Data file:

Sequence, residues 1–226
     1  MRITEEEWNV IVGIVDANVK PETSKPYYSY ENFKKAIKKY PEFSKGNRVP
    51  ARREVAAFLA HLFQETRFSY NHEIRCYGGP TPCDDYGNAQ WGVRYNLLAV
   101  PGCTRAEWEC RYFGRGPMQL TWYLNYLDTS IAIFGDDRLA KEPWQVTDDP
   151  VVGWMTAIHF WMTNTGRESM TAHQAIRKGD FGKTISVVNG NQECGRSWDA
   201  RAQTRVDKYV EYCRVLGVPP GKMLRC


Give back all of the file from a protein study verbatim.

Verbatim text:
Sequence, residues 1–226
     1  MRITEEEWNV IVGIVDANVK PETSKPYYSY ENFKKAIKKY PEFSKGNRVP
    51  ARREVAAFLA HLFQETRFSY NHEIRCYGGP TPCDDYGNAQ WGVRYNLLAV
   101  PGCTRAEWEC RYFGRGPMQL TWYLNYLDTS IAIFGDDRLA KEPWQVTDDP
   151  VVGWMTAIHF WMTNTGRESM TAHQAIRKGD FGKTISVVNG NQECGRSWDA
   201  RAQTRVDKYV EYCRVLGVPP GKMLRC